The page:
Revealing too much details while reporting insecurity in Nigeria may have adverse impact on the efforts of security agencies in tackling the challenges, the Nigerian Broadcasting Commission (NBC)said in a letter to broadcast stations.
The commission noted that, “while bringing information on security to the doorsteps of Nigerians is a necessity, there is a need for caution.”
It said this is because “some of the topics also have ethnological coating thereby, pitching one section of the country against the other and leaving Nigerians in daily hysteria.”
Dated July 7, the letter, which was signed by the director of broadcast monitoring, Francis Aiyetan, on behalf of the commission’s director-general, enjoined the stations to join hands with the government by not “glamorising the activities of insurgents, terrorists, kidnappers, bandits.”
Mrs Aiyetan also said in the letter that broadcast stations should advise “guests and/or analysts on programmes not to polarise the citizenry with divisive rhetoric, in drving home their point.”
She also called on them not to give “details of either the security issues or victims of these security challenges so as not to jeopardise the efforts of the Nigerian soldiers and other security agents.”
“The commission reminds you to be guided by the provisions of Sections 5.4.1(f) and 5.4.3 of the NBC Code that states:” the letter read.
“The broadcaster shall not transmit divisive materials that may threaten or compromise the indivisibility and indissolubility of Nigeria as a Sovereign state” and “in reporting conflict situations, the broadcaster shall perform the role of a peace agent by adhering to the principle of responsibility, accuracy and neutrality.”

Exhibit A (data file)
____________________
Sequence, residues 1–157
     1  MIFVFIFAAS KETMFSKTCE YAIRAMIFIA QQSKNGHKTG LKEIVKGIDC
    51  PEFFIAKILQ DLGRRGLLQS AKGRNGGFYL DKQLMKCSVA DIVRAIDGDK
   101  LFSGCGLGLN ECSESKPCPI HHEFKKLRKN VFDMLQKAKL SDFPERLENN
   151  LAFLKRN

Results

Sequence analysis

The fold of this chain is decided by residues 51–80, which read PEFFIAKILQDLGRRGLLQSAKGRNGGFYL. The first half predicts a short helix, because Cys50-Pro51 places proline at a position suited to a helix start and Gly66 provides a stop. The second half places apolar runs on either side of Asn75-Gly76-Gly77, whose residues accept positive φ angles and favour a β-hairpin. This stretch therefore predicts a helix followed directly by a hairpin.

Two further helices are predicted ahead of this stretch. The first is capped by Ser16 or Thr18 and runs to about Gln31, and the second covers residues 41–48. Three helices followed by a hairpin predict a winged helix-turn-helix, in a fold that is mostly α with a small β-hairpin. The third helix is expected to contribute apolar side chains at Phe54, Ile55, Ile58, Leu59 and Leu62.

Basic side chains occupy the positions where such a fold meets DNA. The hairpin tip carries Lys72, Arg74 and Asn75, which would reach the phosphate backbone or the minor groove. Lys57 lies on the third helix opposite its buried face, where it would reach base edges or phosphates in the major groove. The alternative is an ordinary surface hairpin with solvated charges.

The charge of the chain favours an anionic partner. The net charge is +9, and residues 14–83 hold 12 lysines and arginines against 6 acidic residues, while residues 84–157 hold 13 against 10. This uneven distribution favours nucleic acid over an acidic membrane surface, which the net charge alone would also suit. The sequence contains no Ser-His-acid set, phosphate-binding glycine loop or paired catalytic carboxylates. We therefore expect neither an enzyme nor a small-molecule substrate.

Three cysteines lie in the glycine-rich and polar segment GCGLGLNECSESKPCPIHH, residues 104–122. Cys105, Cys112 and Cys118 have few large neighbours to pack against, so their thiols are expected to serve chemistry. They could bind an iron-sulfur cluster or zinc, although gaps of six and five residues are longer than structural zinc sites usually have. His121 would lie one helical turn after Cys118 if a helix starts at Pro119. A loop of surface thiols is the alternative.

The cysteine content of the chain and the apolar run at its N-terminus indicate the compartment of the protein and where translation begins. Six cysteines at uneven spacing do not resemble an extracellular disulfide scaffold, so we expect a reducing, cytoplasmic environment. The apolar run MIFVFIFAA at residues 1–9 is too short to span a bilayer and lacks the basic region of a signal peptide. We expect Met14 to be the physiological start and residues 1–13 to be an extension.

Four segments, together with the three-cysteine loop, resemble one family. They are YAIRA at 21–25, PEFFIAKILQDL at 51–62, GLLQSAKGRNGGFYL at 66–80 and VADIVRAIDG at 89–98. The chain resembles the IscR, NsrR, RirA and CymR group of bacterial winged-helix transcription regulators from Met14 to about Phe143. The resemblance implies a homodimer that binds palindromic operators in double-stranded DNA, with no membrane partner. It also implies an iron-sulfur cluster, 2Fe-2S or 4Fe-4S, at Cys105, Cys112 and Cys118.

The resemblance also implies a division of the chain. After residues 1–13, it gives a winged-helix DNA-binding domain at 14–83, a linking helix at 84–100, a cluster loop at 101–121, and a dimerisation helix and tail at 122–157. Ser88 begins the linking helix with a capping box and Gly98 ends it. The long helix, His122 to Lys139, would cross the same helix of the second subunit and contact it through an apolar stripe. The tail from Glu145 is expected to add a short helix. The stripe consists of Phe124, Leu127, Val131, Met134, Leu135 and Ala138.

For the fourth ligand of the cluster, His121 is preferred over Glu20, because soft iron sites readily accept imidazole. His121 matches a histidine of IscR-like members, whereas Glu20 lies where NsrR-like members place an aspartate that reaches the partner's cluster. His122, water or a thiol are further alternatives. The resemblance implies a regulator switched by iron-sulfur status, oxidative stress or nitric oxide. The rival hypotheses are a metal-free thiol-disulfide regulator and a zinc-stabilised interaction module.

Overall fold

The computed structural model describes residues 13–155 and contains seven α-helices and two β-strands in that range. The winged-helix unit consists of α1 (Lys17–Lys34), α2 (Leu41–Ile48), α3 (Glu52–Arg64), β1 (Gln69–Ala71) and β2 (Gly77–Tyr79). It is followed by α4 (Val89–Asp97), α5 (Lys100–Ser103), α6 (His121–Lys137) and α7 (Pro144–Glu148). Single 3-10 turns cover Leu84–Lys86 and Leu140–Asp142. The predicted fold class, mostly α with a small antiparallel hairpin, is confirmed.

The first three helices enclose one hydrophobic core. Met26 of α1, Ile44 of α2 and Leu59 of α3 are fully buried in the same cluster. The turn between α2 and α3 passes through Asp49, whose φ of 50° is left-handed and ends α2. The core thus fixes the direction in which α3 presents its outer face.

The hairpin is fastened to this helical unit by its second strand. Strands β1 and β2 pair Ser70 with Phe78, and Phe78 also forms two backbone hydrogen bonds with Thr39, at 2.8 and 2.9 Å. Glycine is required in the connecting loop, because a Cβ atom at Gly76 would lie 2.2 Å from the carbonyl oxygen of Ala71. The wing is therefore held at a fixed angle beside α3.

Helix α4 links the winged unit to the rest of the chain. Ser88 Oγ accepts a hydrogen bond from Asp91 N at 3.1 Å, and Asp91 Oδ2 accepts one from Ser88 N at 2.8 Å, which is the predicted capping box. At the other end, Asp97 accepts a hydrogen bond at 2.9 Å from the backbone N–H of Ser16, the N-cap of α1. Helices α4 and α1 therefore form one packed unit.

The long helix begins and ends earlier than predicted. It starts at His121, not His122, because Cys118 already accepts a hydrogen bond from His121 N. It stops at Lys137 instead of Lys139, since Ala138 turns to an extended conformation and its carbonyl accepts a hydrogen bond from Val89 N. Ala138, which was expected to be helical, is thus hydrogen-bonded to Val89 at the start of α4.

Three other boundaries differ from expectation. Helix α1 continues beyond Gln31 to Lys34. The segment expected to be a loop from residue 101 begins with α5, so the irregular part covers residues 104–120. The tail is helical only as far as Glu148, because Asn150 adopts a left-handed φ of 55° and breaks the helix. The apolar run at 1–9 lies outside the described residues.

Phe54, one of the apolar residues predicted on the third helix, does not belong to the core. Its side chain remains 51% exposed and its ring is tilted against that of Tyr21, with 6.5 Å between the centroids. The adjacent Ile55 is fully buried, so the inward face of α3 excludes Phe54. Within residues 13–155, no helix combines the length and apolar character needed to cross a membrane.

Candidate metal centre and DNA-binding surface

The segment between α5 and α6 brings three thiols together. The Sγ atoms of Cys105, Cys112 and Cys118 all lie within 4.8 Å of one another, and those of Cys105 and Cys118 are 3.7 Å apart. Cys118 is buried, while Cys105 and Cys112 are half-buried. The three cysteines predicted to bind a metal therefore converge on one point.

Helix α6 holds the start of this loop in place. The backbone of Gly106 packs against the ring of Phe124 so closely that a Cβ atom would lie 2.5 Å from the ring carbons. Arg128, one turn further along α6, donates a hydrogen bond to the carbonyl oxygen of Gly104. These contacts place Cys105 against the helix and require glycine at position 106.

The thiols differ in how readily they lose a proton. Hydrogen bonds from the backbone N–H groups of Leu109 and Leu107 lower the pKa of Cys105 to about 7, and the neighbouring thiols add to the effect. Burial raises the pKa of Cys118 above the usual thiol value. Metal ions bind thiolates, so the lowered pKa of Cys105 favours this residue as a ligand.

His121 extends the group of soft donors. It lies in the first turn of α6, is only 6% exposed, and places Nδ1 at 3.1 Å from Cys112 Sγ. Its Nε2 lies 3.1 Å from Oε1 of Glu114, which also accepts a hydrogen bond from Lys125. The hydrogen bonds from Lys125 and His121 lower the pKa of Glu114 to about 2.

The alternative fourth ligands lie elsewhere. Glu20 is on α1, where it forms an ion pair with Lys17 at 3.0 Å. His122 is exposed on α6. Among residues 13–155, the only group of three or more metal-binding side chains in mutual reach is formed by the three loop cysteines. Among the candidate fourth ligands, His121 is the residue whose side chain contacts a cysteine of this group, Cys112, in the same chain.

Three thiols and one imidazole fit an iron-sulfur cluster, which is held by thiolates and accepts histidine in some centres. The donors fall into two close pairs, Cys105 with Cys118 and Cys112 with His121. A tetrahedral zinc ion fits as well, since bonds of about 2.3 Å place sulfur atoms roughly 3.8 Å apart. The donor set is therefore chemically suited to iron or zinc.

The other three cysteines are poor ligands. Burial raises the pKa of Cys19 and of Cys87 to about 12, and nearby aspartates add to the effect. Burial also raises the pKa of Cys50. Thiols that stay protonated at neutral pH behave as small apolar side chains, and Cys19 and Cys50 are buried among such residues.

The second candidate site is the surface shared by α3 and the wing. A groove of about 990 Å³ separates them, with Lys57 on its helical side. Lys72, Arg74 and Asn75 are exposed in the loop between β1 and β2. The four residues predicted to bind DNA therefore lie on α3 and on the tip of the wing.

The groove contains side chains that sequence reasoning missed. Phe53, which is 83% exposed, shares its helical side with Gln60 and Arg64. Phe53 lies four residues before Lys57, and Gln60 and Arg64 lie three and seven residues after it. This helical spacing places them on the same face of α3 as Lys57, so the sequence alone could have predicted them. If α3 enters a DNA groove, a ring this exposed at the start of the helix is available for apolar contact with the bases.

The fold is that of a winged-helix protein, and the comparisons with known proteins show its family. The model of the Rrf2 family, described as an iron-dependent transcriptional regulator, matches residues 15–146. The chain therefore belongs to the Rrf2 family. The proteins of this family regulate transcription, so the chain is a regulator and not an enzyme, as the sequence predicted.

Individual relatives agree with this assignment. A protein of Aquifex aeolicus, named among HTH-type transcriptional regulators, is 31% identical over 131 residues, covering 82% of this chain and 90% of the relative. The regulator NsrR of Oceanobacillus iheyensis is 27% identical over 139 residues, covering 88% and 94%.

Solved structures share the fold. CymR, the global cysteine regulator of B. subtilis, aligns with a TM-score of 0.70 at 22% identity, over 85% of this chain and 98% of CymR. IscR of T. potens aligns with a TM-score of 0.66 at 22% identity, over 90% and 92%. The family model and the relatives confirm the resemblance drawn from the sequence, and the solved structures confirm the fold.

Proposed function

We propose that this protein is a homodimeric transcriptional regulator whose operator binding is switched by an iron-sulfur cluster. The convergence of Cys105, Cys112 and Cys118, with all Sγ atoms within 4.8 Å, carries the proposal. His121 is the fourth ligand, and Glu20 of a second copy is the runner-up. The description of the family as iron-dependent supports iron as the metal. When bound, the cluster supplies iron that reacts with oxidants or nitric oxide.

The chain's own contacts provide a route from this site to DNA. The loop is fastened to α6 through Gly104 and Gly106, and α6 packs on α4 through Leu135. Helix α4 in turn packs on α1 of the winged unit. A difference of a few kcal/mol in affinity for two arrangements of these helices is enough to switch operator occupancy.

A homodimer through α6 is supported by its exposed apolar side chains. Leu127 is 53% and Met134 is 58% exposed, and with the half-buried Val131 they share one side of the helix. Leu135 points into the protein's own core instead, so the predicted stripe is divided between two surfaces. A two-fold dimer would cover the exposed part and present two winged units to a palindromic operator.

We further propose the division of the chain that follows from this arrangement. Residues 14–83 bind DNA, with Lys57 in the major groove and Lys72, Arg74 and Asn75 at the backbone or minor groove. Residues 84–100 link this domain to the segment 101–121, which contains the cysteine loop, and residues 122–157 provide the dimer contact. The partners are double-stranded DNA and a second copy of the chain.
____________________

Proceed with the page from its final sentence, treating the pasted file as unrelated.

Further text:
Buhari government’s media censorship
The new directive issued by the NBC comes a blanket move to control the reporting of worsening security situation as increasingly President Muhammadu Buhari faces criticisms for not doing enough to address the problem.
The NBC code has been a major tool the Buhari government uses in its bid to control the content produced by broadcasting stations, with huge fines often awarded against broadcasters considered to have committed a breach of the code.
The development is seen as part of a broader media censorship drive by the government. This is reminiscent of the days of Mr Buhari as a military dictator between 1983 and 1984 when he used decrees to control what the press reported.
Last week, Nigerian media recently launched a campaign against the Buhari government’s brazen attempt to regulate social media and censor the press through controversial media bills at the National Assembly.
The controversial bills are the Nigerian Broadcasting Commission (NBC) and the Nigerian Press Council (NPC) Act amendment bills.
The former sought lawmakers’ cooperation to include “all online media” among the media organisations the government seeks to be able to censor.
The latter gives the president the right to appoint the chairman of the board of the Nigerian Press Council (NPC). It also empowers the president to appoint all other members of the board upon the recommendation of the information minister.
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